CALL WEEKEND FOR SENIOR PASTOR CANDIDATE DR. ROBERT STEPHENS - DECEMBER 10 & 11

Education & Relationship

By Pastor Reed Bernick

I’m an outspoken proponent of a good education. To have a healthy grasp of history, to be capable of critical thinking, and to be able to express yourself in clear, precise terms – those elements are essential in any field of study. It’s certainly how I’ve thought about my own vocation. I believe that to pastor well, you need a deep understanding of scripture and some grasp of the church’s history and doctrine. Sure, people can lead churches without those things – and the Holy Spirit compensates for any weaknesses (which He does in every case, regardless) – but the risks you assume in avoiding education are substantial.

I think for many of us, in fact, education is the primary way we think about our formation and maturity as people. It’s the main way we prepare ourselves for what’s to come – in work, in family, in anything really. There’s always a good book to read on the subject and there’s always information to be gleaned. Which has been the controlling idea behind the church’s approach to spiritual formation, too. We’ve often assumed that the best way to form disciples of Jesus is to educate them well – to equip them with skills and to teach them certain concepts. Sunday school, for example, is designed for those ends specifically.

In reality, however – and we know this intuitively I think – the work of spiritual formation transcends education. It might involve it, but it can’t be reduced to it. In other words: to be a disciple of Jesus – to embrace His ways as your own – is about much more than information or proficiency. It isn’t a credential you acquire in the same way you’d attain a degree. Because it’s not just about what you know or what you can do – it’s about who you know and who you trust.

True, following Jesus requires a kind of education – especially when it comes down to learning about what Jesus taught and did – but because the goal is not expertise, it’s relationship (with Him and with our neighbors and our enemies), we’d do well to value ‘relationship’ as an important method in our formation as His people. It’s not just books that change us – it’s the people we associate with and the impressions they make on us.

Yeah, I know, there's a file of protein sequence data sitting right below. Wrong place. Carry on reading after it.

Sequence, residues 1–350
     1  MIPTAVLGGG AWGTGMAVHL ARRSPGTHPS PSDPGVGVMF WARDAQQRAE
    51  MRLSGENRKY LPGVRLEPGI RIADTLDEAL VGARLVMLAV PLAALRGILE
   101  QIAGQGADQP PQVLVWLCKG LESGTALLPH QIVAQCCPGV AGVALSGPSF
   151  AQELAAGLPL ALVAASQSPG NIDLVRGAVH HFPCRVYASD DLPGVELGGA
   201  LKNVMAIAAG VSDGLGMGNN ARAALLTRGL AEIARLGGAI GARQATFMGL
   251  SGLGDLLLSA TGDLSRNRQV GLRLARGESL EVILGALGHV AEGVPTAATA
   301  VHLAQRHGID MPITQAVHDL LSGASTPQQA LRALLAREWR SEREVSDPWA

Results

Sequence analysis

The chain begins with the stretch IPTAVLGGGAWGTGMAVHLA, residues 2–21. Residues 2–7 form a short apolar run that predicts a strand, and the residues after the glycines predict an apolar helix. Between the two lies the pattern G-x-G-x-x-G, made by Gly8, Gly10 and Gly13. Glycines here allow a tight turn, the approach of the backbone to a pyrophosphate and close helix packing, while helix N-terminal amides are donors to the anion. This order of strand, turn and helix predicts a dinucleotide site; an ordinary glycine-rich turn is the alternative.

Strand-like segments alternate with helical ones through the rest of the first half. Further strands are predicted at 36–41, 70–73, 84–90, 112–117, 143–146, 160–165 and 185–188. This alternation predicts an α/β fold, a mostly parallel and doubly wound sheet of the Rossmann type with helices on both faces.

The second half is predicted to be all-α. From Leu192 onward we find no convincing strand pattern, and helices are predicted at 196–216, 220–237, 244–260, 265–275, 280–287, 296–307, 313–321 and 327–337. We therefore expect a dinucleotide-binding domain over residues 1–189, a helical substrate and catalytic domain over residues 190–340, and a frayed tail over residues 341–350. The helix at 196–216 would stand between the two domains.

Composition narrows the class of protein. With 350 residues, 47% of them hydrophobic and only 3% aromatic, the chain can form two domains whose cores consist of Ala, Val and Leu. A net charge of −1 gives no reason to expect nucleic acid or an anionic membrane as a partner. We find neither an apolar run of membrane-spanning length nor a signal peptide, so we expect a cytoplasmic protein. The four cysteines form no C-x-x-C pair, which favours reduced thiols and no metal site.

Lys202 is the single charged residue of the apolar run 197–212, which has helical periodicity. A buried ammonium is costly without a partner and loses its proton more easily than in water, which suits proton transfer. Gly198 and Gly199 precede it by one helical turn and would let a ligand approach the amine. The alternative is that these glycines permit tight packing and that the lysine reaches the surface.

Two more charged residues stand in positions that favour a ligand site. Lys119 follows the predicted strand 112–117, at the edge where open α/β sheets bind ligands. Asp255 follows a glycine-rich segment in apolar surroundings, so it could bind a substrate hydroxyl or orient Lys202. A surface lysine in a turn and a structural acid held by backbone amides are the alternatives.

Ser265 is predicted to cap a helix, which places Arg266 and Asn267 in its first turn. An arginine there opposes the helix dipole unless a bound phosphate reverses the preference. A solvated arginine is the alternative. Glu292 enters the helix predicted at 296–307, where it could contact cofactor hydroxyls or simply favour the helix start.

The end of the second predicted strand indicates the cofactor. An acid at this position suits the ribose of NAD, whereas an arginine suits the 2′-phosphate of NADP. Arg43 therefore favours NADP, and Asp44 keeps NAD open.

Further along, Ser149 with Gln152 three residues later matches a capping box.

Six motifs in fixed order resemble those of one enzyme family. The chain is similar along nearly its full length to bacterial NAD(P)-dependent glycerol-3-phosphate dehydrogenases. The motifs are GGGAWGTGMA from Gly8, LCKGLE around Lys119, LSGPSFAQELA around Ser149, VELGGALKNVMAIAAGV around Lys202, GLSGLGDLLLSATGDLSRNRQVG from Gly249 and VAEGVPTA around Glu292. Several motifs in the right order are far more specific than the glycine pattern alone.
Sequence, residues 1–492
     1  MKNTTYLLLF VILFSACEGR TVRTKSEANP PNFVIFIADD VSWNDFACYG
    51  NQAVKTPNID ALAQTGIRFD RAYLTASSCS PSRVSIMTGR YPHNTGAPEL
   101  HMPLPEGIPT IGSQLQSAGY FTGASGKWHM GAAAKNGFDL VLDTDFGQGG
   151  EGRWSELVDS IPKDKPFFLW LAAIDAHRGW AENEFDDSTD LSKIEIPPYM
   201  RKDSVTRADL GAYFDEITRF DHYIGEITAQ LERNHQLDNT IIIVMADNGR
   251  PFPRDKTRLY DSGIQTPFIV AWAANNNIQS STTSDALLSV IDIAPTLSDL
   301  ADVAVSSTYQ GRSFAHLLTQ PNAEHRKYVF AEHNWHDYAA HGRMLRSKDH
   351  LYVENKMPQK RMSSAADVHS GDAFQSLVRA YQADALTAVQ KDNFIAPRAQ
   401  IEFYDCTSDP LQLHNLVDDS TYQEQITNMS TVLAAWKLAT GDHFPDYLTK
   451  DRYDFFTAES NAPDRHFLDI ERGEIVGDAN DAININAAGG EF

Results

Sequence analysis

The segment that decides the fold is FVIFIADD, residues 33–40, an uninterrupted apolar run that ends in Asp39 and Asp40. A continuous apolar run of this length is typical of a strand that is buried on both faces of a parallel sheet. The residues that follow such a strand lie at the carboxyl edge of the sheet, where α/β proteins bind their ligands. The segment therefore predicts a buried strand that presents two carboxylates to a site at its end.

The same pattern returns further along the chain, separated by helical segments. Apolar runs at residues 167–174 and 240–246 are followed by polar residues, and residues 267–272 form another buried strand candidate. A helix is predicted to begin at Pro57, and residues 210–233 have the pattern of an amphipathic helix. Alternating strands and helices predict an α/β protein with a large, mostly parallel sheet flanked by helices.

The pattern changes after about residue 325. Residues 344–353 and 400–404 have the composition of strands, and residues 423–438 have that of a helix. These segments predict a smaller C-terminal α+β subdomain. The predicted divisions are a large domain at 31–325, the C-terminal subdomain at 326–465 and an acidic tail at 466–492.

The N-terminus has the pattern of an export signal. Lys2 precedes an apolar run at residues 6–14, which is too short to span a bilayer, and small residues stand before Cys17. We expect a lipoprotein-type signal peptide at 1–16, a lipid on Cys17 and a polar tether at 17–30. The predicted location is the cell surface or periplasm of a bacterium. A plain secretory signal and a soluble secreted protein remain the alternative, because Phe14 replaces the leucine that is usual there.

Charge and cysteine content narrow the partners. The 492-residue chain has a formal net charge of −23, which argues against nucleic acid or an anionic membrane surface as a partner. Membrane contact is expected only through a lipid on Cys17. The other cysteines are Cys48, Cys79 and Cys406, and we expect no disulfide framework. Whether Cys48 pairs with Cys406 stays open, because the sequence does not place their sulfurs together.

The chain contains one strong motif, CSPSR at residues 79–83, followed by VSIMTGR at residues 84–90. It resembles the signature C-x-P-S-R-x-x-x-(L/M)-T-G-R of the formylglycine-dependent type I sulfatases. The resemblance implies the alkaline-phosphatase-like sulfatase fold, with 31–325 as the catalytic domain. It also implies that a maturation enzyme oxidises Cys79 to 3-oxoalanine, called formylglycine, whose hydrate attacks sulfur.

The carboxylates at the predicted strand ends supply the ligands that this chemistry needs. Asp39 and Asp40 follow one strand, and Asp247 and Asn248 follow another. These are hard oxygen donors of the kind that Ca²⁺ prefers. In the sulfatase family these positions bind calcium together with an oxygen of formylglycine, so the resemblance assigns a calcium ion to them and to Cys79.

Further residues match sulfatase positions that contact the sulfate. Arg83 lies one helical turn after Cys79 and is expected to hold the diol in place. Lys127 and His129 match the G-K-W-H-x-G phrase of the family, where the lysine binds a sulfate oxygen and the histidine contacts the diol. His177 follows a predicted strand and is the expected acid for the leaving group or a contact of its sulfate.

If you take a moment and think back across your own life, it’s not hard to find evidence of that. Our friends and family have had profound impacts on who we’ve become (and are becoming). We are shaped and influenced by those we spend time with, sometimes in unconscious ways that go unnoticed. And many of us have used that principle to garner our own influence in the world – whether that’s it parenting a child, in mentoring a coworker, in taking someone under your wing, or in simply trying to set a good example.

I confess, though, it's all too easy for me to know all of this and still choose to ignore it. As I said, I’ve prioritized education in my own life – both in ministry and in other things. In part because, in principle, education is easy. It’s a game I understand. It’s often able to be evaluated (in theory at least). Expectations are clear – goals are easily set and satisfied. It’s measurable. But for all these reasons, it can also be skin-deep. To gain knowledge can look like memorization. It can look like trivia. In fact, rarely does education on its own require us to change; to change our values, our outlooks, our habits, or our character.

But discipleship does. Following Jesus requires us not just to memorize, but to trust. It’s not enough for us to know about Jesus – we must actually know Him as He is. Which is harder to evaluate. Sanctification is not a scientific process – and goal setting in our spiritual development is difficult for that reason. But who could deny that it’s there in the spaces beyond our education that real formation in Jesus actually occurs? Who could deny that it’s on our close relationships with other Christians (which are not always didactic) that we are formed in the ways of Jesus?

So as we think about our collective work in the Great Commission – this strange and unique work of “making disciples” that Jesus has entrusted to us as His church – let’s commit ourselves to thinking carefully about how exactly that work ought to be done. Let’s examine the ways our current strategies in the church succeed and the ways God may inspire us to engage our commission more faithfully and effectively. Where and how are you influencing others on Jesus’ behalf? Who is God leading you to encourage, to build up, and to form? What would it look like for us, as a church, to see discipleship as not just an educational process, but a relational one?

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